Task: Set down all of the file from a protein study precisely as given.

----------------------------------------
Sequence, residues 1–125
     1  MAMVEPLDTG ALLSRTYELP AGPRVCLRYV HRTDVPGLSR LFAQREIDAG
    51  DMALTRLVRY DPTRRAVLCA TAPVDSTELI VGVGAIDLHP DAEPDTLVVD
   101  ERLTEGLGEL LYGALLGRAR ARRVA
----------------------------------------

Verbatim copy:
Sequence, residues 1–125
     1  MAMVEPLDTG ALLSRTYELP AGPRVCLRYV HRTDVPGLSR LFAQREIDAG
    51  DMALTRLVRY DPTRRAVLCA TAPVDSTELI VGVGAIDLHP DAEPDTLVVD
   101  ERLTEGLGEL LYGALLGRAR ARRVA